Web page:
After just one day of intensive media attention and political pressure, Regina Bueno was released from prison and the charges were relaxed.
It was then that State Representative Paulo Teixeira, of the Workers Party, sponsored legislation to legalize needle-exchange and harm reduction efforts. In 1997, the legislature passed Teixera’s bill into law, but the governor, still Mário Covas, neither signed it nor vetoed it for six months. The bill just sat there, in political limbo. But the legislation’s supporters didn’t just sit around waiting for Power to give them what they wanted: they got busy internationalizing the issue.
In March of 1998, Mesquita and other Brazilians then hosted an International Harm Reduction conference in São Paulo, with more than a thousand delegates from around the world.
“We spent the weeks before the conference pressuring the governor to sign the bill,” recalls Mesquita. “And we booked the Governor’s Palace to hold the opening ceremony of the conference.”
The International Harm Reduction conference was scheduled to begin on a Saturday night. The governor signed the bill hours beforehand, on Saturday morning.
That same year the governor of the Southern Brazilian state of Santa Catarina, with its seat in Florianopolis, Paulo Afonso, of the Brazilian Democratic Movement Party (PMBD, in its Portuguese initials) had some political problems: he had been accused of corruption and the media was having a field day at his expense. There was heavy pressure on the state legislature to impeach him. “He needed an issue to divert the media,” Mesquita said, offering again the mischievous smile that breaks his serious demeanor when he speaks of how cracks in the political system have been used by the movement here to win its victories. Your correspondent gets the sense that perhaps the good doctor had more to do with the events he describes than he is letting on. “Someone suggested to the governor that if he makes a law protecting harm reduction and needle-exchange for drug users that people and the media will debate that for two or three weeks.”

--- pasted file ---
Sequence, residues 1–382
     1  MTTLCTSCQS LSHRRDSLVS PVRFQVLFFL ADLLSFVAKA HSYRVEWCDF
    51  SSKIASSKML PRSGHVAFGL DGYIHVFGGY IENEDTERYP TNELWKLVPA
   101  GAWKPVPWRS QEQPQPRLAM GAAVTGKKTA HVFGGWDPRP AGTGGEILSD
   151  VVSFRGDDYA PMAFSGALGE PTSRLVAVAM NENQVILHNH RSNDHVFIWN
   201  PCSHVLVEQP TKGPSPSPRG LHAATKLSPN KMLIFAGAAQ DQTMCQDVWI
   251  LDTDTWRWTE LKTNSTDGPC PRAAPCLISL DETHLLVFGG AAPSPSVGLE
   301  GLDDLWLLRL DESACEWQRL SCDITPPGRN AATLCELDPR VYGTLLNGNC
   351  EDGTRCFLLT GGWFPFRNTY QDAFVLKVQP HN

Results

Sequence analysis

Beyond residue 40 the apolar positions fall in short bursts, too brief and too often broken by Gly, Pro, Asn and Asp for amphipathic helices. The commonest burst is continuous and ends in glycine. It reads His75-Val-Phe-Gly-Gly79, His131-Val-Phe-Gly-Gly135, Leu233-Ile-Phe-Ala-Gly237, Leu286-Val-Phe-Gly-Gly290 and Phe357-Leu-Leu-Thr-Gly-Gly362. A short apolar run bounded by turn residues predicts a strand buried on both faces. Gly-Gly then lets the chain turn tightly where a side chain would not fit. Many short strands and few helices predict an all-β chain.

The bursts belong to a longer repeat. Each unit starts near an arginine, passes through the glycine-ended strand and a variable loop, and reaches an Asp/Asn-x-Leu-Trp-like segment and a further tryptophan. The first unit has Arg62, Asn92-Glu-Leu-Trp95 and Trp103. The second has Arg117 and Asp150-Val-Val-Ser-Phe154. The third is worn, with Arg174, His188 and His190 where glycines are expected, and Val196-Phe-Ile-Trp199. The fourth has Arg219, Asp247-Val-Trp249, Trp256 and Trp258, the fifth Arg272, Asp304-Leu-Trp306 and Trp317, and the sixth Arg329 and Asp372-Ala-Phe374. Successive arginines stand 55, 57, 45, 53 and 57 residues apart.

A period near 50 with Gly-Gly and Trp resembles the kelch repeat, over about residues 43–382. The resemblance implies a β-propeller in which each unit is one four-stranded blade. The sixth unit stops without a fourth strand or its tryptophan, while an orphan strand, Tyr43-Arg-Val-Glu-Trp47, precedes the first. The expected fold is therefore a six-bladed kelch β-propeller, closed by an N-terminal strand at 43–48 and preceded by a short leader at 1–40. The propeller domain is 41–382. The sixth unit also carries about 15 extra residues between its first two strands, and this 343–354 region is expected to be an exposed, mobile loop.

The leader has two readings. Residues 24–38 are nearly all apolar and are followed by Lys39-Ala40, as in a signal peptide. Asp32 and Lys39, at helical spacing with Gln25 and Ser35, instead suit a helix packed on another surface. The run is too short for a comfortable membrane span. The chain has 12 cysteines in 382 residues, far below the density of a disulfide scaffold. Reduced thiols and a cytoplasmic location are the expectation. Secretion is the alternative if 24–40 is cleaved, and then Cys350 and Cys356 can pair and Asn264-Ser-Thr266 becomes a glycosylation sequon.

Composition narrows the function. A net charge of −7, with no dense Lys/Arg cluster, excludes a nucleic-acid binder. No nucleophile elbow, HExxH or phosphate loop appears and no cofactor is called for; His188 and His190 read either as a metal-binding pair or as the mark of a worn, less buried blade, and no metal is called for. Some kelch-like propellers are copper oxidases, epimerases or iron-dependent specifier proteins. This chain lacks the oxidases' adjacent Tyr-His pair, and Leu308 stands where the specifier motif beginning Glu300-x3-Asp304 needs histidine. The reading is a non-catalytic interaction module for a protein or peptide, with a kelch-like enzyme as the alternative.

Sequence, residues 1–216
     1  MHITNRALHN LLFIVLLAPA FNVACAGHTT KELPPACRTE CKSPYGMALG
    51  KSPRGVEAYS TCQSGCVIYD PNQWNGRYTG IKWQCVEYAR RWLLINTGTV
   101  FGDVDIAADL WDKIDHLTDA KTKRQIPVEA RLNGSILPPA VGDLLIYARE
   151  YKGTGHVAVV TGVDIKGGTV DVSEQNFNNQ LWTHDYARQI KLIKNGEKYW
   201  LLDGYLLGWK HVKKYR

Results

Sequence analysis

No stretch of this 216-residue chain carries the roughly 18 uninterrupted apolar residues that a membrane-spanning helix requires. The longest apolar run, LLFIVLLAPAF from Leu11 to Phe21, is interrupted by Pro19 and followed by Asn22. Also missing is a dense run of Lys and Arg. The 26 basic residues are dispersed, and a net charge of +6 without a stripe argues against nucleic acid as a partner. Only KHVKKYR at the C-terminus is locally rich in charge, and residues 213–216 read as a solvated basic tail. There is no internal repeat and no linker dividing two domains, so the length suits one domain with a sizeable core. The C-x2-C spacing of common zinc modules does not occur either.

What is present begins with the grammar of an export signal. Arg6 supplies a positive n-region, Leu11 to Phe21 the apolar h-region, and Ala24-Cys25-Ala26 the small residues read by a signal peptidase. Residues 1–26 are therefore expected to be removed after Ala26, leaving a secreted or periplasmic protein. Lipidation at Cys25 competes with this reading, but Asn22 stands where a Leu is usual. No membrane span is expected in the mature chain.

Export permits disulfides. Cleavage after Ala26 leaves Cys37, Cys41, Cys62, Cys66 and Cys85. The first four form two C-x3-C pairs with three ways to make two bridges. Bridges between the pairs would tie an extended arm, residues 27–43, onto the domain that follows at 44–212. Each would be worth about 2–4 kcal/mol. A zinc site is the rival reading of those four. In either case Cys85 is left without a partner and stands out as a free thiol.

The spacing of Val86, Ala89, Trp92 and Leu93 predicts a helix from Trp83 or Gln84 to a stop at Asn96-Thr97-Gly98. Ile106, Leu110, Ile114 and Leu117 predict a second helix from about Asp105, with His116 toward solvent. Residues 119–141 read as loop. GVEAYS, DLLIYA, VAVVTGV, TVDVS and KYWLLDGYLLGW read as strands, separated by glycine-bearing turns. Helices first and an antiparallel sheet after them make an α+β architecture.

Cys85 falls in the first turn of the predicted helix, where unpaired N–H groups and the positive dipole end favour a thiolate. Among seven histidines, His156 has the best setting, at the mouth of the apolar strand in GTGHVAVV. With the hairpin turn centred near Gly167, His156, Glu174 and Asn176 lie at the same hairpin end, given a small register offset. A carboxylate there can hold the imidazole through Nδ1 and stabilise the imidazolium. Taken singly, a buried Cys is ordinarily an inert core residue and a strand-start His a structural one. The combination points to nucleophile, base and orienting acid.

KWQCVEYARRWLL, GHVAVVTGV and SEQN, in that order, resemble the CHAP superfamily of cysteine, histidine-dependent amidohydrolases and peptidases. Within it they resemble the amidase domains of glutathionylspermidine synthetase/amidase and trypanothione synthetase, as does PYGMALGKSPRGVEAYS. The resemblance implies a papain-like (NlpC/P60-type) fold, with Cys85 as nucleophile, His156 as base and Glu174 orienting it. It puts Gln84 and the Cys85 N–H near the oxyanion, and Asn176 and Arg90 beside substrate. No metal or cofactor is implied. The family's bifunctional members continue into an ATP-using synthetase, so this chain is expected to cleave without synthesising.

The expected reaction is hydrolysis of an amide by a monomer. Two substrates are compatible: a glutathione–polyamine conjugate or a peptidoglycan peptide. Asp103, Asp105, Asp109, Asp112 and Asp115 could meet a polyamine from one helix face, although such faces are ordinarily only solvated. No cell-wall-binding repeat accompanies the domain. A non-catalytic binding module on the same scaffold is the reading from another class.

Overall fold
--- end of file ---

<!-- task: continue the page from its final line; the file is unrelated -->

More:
The state of Santa Catarina quickly passed the law, and another Brazilian state government had now embraced the protection of harm-reduction workers. The Southernmost state of Rio Grande de Sul, from its capital of Porto Alegre, soon became the third Brazilian state to pass a harm-reduction protection law. “The legislator who sponsored the law in Rio Grande de Sul was a member of the Brazilian Social Democratic Party (PSDB, in its Portuguese initials, the party of former president Fernando Henrique Cardoso), but the governor of the state was with the Workers’ Party, his name was Adilson Troca, and his last name means ‘exchange,’ ironically. So Paulo Teixeira, the Workers Party official from São Paulo who had sponsored the harm reduction law here, traveled to Porto Alegre to convince the governor.”